Andrew Dunstan <[EMAIL PROTECTED]> writes: > But I also see that my amd64/FC6 machine does pass these tests with gcc.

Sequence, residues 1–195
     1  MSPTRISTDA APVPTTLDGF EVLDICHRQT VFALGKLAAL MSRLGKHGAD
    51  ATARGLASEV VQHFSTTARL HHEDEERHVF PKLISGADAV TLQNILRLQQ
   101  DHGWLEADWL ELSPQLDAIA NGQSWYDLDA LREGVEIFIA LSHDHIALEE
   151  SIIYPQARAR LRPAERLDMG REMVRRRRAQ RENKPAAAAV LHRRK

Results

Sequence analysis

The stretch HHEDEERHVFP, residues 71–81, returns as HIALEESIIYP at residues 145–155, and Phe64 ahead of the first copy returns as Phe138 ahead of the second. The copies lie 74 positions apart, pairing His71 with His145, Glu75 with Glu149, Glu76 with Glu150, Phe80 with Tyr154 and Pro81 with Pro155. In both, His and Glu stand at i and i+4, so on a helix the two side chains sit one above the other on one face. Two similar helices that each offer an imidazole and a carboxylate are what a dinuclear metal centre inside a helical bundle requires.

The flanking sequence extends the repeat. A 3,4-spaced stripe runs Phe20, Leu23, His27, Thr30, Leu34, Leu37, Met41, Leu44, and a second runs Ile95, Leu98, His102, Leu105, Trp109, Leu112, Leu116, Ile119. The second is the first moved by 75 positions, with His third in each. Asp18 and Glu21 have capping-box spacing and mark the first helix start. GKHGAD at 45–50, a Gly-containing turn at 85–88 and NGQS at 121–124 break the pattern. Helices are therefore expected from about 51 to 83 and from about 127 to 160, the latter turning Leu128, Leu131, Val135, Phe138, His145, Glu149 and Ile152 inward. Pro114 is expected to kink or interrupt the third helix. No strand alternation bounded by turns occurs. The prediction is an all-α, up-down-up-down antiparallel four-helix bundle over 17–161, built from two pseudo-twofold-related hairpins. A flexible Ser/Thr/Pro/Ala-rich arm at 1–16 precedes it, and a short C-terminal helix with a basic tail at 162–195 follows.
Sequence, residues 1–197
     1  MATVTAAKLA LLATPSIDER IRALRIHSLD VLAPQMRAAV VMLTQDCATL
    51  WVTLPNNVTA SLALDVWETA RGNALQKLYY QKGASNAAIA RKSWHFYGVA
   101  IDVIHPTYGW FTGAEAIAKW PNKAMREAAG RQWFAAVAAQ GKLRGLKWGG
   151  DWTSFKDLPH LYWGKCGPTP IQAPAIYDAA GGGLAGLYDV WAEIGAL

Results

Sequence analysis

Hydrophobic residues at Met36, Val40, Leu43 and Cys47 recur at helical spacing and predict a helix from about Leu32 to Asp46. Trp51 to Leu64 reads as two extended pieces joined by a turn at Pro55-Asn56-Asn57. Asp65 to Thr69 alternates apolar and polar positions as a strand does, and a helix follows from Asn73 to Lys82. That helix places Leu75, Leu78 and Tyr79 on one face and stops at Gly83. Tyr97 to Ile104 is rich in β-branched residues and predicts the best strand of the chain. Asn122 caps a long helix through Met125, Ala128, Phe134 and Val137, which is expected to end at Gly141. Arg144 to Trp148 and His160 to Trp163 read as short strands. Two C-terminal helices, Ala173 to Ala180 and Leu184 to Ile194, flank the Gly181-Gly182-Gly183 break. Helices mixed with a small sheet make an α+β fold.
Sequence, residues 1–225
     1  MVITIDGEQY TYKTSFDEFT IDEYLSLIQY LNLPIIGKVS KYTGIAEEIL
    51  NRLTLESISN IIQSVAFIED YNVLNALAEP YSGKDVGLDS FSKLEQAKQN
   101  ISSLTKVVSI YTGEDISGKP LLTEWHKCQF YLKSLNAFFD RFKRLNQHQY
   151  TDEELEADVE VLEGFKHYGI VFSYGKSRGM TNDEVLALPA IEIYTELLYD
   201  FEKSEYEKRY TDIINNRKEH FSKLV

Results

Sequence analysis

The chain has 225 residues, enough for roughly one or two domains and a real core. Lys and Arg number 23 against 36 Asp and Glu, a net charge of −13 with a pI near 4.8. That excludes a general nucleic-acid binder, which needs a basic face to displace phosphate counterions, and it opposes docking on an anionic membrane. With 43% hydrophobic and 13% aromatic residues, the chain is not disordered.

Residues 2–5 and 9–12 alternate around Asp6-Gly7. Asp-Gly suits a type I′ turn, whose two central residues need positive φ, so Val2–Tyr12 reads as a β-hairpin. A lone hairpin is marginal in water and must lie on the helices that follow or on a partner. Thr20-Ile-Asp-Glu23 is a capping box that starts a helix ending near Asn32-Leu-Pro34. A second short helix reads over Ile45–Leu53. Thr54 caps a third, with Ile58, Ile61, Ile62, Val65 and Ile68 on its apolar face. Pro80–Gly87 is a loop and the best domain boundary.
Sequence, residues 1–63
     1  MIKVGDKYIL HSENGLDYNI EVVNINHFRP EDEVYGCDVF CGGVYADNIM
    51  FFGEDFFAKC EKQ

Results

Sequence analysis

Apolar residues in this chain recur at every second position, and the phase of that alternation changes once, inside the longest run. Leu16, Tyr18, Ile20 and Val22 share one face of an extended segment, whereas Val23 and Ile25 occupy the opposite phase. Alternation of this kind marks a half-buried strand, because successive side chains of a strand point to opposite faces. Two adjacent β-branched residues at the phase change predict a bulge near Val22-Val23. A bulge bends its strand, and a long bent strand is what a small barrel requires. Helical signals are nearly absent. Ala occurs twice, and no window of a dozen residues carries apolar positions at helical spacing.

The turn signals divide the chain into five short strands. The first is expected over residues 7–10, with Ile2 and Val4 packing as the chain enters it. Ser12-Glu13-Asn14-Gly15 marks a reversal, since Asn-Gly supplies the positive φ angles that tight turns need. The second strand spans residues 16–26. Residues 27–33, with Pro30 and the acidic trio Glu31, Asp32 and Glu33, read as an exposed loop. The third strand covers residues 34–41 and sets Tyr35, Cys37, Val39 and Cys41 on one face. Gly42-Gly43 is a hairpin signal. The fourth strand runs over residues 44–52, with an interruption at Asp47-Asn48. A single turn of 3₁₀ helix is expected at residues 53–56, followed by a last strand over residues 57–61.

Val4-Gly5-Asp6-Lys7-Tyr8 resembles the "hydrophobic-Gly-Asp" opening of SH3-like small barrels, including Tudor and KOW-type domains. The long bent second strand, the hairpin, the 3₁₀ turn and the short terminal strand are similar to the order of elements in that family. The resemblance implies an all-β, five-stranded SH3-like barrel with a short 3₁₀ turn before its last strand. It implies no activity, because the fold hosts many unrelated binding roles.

Yeah, but the typedef represented by va_list can and probably does vary between amd64 and ppc64. I haven't an easy way to check, but I wonder whether it's not an array type on ppc. I'm of the opinion that ecpg is trying to do something here that's not portable. The C99 draft I have says [#3] The type declared is va_list which is an object type suitable for holding information needed by the macros va_start, va_arg, va_end, and va_copy. If access to the varying arguments is desired, the called function shall declare an object (referred to as ap in this subclause) having type va_list. The object ap may be passed as an argument to another function; if that function invokes the va_arg macro with parameter ap, the value of ap in the calling function is indeterminate and shall be passed to the va_end macro prior to any further reference to ap. (198) ____________________ 198 It is permitted to create a pointer to a va_list and pass that pointer to another function, in which case the original function may make further use of the original list after the other function returns. The footnote seems to say that what the code is doing is OK ... but there isn't any such footnote in the Single Unix Spec: http://www.opengroup.org/onlinepubs/007908799/xsh/stdarg.h.html which makes me wonder just how portable it really is. My recommendation is to get rid of the APREF hack, deal only in va_list not &va_list, and inline ECPGget_variable into the two places it's used to avoid the question of passing va_lists around after they've been modified. The routine's not that big (especially seeing that only half of it is actually shared by the two callers) and it's just not worth the notational effort, let alone any portability risks, to factor it out. regards, tom lane ---------------------------(end of broadcast)--------------------------- TIP 6: explain analyze is your friend